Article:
The Buffetts sell Old Town to Kim Carnes and Dave Ellington.

The Cromlings purchase Old Town

Carnes and Ellington sell Old Town to Bill and Maureen Cromling.

Middle Tennessee “1,000-year Flood”

The 2010 Tennessee floods were 1,000-year floods in Middle and West Tennessee. The Harpeth River was one of the hardest hit with waters rising up to 21 feet. The catastrophic flood recorded a record 13.57 inches of rainfall during a 36-hour period. The combined two-day rainfall total doubled the previous 48-hour rainfall record in Nashville.

First Geophysical Survey at Old Town

In 2014, at the request of the Cromlings and in advance of planned work on Old Natchez Trace, New South Associates conducted a GPR survey of Old Natchez Trace and the land adjacent to the road, totaling approximately 1.15 acres. GPR results detected 211 total anomalies and 182 anomalies with characteristics suggestive of graves. The results indicated a number of precontact features and that the site continues underneath the present-day road.

1801 Bridge Restoration

The Cromlings bring in the Dry Stone Conservancy to restore the north abutment of the 1801 Bridge. A perpetual easement was established with the Preservation Trust of Tennessee. 


Bill and Tracy Frist Purchase Old Town

Tracy and Bill Frist purchase Old Town from the Cromlings, with a commitment to continue the legacy of preservation and conservation of the Cromlings. 

Old Town Heritage Project

Tracy and Bill Frist begin the Old Town Heritage Project in partnership with Middle Tennessee State University and Professor Kevin Smith to add to the growing body of knowledge of what is today known about ancient civilizations in Middle Tennessee.

Milking Barn Purchased

Purchased in 2016, the Milking Barn was hidden beneath years of overgrowth. As we began to peel back the many layers of vines, a diamond in the rough was revealed. Structural repairs began in the summer of 2017. The front parlor was remolded in 2020 and fitted for a wood shop to be used by Yosely Pereira, an artist and woodworker originally from Cuba.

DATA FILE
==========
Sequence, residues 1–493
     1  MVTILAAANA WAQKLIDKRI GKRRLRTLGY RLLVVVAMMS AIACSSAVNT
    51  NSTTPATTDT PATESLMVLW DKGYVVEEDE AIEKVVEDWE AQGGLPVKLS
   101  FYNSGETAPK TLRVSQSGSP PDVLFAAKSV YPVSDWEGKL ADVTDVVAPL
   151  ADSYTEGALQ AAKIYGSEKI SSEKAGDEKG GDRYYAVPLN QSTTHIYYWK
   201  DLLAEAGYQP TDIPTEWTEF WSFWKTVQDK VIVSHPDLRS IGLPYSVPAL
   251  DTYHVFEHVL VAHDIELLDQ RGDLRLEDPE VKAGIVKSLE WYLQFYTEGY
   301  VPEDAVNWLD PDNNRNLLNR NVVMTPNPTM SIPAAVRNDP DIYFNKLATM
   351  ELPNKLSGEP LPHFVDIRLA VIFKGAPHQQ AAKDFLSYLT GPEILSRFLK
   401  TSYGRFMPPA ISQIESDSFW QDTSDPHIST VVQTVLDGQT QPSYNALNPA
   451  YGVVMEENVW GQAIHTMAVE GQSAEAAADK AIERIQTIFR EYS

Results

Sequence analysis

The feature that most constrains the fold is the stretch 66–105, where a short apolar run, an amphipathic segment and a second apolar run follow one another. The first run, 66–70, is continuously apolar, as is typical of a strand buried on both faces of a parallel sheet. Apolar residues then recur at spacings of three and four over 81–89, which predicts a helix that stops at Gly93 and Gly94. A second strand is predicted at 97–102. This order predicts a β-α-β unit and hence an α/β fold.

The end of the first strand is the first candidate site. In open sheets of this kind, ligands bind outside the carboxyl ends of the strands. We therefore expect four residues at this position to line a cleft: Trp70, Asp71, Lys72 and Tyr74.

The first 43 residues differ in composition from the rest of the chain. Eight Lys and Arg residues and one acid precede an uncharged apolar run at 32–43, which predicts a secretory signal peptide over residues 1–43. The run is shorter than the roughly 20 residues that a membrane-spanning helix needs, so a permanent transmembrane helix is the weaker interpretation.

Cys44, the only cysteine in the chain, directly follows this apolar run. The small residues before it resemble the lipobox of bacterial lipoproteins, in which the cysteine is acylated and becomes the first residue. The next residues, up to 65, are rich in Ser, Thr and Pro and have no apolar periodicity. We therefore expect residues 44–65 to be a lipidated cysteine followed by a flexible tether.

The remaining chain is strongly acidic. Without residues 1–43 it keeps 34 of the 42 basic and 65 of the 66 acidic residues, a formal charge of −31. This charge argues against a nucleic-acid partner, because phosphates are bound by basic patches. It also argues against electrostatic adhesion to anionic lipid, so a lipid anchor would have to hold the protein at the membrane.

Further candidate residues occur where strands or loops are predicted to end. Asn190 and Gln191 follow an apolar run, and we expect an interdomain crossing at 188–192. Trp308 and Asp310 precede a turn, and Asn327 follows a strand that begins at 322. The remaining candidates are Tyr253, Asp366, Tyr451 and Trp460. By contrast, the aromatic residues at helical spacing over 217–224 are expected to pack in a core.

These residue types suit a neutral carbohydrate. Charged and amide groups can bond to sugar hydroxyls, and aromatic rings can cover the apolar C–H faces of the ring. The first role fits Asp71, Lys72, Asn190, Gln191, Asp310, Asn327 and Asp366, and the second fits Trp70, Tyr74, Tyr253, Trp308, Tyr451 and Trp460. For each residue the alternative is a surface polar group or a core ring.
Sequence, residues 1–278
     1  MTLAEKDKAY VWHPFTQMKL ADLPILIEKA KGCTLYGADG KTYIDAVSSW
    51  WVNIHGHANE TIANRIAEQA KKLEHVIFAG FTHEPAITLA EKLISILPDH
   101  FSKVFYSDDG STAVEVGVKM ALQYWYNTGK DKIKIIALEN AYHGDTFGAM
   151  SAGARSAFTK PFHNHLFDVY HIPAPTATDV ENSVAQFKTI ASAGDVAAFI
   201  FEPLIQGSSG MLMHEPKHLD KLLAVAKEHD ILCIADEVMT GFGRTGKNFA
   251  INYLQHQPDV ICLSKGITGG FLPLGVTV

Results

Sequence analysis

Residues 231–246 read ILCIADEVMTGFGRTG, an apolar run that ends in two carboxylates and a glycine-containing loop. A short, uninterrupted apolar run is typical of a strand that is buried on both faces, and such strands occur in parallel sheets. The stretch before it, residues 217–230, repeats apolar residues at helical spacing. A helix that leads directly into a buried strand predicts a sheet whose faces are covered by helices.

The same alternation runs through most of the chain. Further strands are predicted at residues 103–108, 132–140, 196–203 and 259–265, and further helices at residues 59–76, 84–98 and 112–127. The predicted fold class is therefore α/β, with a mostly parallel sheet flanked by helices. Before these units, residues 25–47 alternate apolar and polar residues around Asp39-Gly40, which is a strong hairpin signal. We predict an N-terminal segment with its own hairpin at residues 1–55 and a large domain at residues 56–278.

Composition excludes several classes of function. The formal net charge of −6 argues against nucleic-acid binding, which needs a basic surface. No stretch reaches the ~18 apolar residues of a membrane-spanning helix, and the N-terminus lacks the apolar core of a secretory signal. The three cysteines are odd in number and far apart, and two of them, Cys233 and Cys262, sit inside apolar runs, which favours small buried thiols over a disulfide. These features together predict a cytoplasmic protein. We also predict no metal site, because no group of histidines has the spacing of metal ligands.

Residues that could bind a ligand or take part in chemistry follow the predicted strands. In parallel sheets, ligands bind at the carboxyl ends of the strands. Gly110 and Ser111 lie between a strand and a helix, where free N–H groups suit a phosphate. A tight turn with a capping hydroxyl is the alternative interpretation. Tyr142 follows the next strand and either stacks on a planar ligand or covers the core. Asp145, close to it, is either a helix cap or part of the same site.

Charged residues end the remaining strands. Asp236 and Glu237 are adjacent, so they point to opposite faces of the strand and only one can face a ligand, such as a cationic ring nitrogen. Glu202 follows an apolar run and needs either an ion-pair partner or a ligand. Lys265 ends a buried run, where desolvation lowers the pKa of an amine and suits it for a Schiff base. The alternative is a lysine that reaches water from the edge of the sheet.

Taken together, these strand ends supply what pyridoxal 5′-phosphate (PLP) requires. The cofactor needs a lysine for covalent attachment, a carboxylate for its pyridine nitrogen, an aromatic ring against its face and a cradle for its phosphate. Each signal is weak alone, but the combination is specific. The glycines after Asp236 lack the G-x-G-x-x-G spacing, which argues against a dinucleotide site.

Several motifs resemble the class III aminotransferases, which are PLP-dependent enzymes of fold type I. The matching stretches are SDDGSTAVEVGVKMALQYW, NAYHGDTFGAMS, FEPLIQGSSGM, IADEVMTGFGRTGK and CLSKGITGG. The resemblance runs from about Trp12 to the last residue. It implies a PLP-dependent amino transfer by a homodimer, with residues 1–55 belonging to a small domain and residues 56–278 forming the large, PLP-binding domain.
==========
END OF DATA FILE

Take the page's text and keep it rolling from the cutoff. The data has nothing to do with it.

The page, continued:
Thomas Brown House Restoration

The Frists restore the Thomas Brown House with careful attention to historic accuracy.

Second Geophysical Survey Conducted at Old Town

New South Associates, Inc. conducted extensive ground penetrating radar (GPR) of 7 acres of Old Town, documenting presence of thousands of stone box graves, multiple temple structures, and numerous structures and fire pits.

Old Town Arboretum

In July 2020, Old Town welcomed the Tennessee Urban Forestry Council (TUFC) as they inspected and certified over 40 different species of trees throughout the property, hence the creation of the Old Town Arboretum. The arboretum today includes over 75 different species and has been granted a Level 2 certification from the TUFC.


Cutting Horse Arena


Old Town is the home to Sinking Creek Cutting Horses, LLC. Tracy oversees breeding and training (and shows regularly), continuing for 40 years a line of cutting horses originating with her own Sadie.

The cutting horse Arena was built in the summer of 2020. It is a replica of the one located at the Frist’s Farm, Sinking Creek, designed and built (literally, by her hands with Rodney) by Tracy. The Arena is constructed of cedar and is built to withstand the test of time. With the large viewing stand, guests come and enjoy our horses working and learn all about cutting horses.


Horse Barn Constructed

The Horse Barn is our most recent build, taking shape in the summer of 2021. It is a mirror image of the main body of the Milking Barn. Built with features such as a large hay loft, a wash rack, stalls, grooming areas, a large spacious tack room, and a great feed room stocked full to keep all the animals fed year-round. Out back of this barn, you will find two new pastures with lush green grass and some new bur oak trees that will provide shade in years to come.


Old Town Arboretum Receives Level 2 Certification

The Old Town Arboretum continues to grow and now has 73 different species of trees. Upon another inspection, the Old Town Arboretum received the Level 2 Certification from the Tennessee Urban Forestry Council.